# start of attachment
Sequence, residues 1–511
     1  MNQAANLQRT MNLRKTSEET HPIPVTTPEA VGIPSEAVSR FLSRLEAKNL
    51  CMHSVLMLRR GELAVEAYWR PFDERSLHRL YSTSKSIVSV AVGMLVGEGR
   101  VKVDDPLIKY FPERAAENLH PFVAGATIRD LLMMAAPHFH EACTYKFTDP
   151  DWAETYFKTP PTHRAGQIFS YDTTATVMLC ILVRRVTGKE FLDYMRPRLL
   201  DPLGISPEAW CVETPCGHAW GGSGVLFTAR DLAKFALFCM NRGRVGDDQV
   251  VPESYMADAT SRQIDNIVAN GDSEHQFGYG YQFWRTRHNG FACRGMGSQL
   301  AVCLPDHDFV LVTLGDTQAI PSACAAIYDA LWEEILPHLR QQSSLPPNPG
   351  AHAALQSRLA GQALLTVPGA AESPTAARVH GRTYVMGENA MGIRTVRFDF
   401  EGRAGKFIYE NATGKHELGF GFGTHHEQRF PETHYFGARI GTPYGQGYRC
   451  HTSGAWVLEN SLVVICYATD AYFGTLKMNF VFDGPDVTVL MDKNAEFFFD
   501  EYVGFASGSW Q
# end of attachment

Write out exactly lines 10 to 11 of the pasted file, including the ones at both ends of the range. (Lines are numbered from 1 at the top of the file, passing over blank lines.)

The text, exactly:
   401  EGRAGKFIYE NATGKHELGF GFGTHHEQRF PETHYFGARI GTPYGQGYRC
   451  HTSGAWVLEN SLVVICYATD AYFGTLKMNF VFDGPDVTVL MDKNAEFFFD